Preventing the Side Effects of Metformin

Metformin is an oral medication which is classified as a biguanide. It is most often used for the management of type 2 diabetes when diet and exercise are not adequate in controlling high blood sugar levels. Pill Hand SmallMetformin has an extensive safety record and medical research has proven that the medication is as good or better at controlling blood sugar levels when compared to other oral antidiabetic medication. When regularly taken, it decreases the amounts of glucose produced by the liver so that the body’s blood sugar levels are lowered. This medication also leads to a decrease in glucose absorption from the intestines and increases the body’s sensitivity to insulin so that it can be used more efficiently and effectively. However, as with all good news, there is a caveat. This medication comes with a lot of bothersome side effects which can be hard to manage. But there are many ways to lessen the side effects of Metformin or, in some cases, avoid them altogether so you can benefit from its stabilizing abilities without any unnecessary trouble.

 

Common Side Effects

The most common side effects of Metformin are gastrointestinal. Nausea and/or vomiting may occur in around seven to twenty-six percent of patients while diarrhea is usually experienced by fifty-three percent of patients. These gastrointestinal side effects are usually temporary and lessen over a few weeks’ time, eventually going away on their own.

Metformin may possibly reduce the absorption of the vitamin B 12. An estimated seven percent of individuals who are undergoing treatment with Metformin experience reduced levels of vitamin B 12. A physician can easily monitor your vitamin levels, keeping a close eye on your B 12 levels, and determine if you might require a B 12 injection.

Headaches are experienced as a side effect by six percent of individuals taking Metformin. Dizziness and/or lightheadedness are experienced by five percent of patients while nine percent of patients report some weakness as a result of the medication. Because of these particular side effects, you ought to use caution while driving or performing other activities requiring alertness until you are more familiar with how the medication affects your body. And if any of these particular symptoms become increasingly severe or are accompanied by a fever then contact your doctor immediately.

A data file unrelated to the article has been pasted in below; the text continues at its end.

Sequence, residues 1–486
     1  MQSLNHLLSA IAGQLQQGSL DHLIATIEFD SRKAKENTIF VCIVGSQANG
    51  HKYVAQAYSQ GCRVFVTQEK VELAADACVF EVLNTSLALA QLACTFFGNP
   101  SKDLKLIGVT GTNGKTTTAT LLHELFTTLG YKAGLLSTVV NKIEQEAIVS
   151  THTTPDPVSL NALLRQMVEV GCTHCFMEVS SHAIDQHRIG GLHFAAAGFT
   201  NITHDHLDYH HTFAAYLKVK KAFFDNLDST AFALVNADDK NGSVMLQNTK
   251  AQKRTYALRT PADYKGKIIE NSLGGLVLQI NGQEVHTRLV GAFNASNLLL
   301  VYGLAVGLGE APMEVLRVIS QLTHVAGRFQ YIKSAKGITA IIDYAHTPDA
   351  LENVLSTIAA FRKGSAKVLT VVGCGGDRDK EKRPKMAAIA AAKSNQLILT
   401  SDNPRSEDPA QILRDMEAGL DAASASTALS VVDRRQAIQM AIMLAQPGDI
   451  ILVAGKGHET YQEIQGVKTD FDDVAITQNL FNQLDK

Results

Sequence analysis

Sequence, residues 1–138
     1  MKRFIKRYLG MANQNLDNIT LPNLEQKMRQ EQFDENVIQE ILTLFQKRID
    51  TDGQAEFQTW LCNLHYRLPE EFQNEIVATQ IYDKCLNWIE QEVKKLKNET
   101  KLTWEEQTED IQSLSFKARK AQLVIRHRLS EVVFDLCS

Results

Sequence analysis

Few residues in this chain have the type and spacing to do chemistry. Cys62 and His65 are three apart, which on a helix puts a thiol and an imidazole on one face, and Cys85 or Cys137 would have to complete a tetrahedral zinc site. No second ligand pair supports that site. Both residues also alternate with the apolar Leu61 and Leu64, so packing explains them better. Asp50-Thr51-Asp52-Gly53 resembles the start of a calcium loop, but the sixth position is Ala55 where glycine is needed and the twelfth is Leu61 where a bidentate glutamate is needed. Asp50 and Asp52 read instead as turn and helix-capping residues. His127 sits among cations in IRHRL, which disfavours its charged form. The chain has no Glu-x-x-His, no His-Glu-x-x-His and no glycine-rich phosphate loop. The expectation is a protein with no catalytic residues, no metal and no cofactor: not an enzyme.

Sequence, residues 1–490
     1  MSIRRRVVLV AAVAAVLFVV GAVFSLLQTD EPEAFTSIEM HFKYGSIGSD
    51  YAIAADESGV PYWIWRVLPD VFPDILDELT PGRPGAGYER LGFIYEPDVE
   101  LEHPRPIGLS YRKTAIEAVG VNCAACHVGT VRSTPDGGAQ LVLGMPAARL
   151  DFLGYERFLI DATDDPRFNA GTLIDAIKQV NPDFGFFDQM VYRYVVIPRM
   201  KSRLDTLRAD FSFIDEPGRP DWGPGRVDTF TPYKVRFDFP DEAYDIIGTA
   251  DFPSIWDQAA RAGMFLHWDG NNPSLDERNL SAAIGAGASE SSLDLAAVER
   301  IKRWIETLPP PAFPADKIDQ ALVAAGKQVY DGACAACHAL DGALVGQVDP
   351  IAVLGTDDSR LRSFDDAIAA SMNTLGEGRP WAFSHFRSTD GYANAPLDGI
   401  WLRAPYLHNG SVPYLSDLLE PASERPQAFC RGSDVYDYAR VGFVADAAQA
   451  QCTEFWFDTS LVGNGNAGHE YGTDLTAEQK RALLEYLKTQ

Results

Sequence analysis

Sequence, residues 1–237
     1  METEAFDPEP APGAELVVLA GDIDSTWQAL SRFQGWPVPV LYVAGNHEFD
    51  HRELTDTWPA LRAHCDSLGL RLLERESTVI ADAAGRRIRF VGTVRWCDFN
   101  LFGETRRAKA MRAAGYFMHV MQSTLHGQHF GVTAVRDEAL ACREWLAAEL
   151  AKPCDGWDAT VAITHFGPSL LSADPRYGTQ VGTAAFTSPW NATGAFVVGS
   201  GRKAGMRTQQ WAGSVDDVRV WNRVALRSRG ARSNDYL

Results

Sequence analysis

When you first start taking Metformin, you will likely lose some weight as the medication can cause feelings of fullness and a loss of appetite. If you start taking the medication while following a strict diet and exercise plan, then you may see a significant reduction in weight. This is a more desirous side effect as it is strongly suggested that diabetics lose weight so that their bodies have better control of their glucose levels and an improved insulin resistance.

 

Rare Side Effects

  • Heartburn
  • Rhinitis
  • Low blood sugar
  • Itching or hives
  • Discoloration of the nails
  • Hoarseness

 

Minimizing the Negative Side Effects

  • To reduce all gastrointestinal side effects, take your Metformin with meals. If you need to take it at a time when you don’t usually eat, then fit a snack in that has some protein in it.
  • Chewing gum can help alleviate various gastrointestinal side effects such as nausea and stomach pain. Keep some gum on hand.
  • If you feel nauseous after taking Metformin, try to eat a little bit especially if you took it without a meal. Even if you don’t feel like eating when you are experiencing nausea, you will feel far better if you do.
  • Discuss the option of the extended release version of Metformin as the XR has been known to cause far less gastrointestinal side effects than the regular immediate release does. The extended release may decrease a lot of the side effects that you are currently experiencing.
  • If the side effects feel particularly severe, then consider discussing the possibility of decreasing your dose temporarily and slowly increasing it over time so that your body can adjust. If you are taking 1000 mg and experiencing severe nausea, then consider taking 500 mg instead and build back up to 1000 mg.
  • If you are experiencing vitamin B 12 deficiency, then start taking B 12 supplements or ask your doctor for B 12 injections.
  • Each pharmacy stocks different generic and name brand medications and even the smallest chemical variance can make a big difference in how our body reacts. Try out several different brands with various manufacturers, testing out the immediate and extended release so you can find the particular medication that works best for you and causes the least amount of side effects.

 

Sources:

http://pcosra.com/surviving-metformin/

http://www.livestrong.com/article/261274-metformin-side-effects-on-the-heart/

http://www.rxeconsult.com/healthcare-articles/How-To-Prevent-And-Manage-Metformin-Side-Effects-974/

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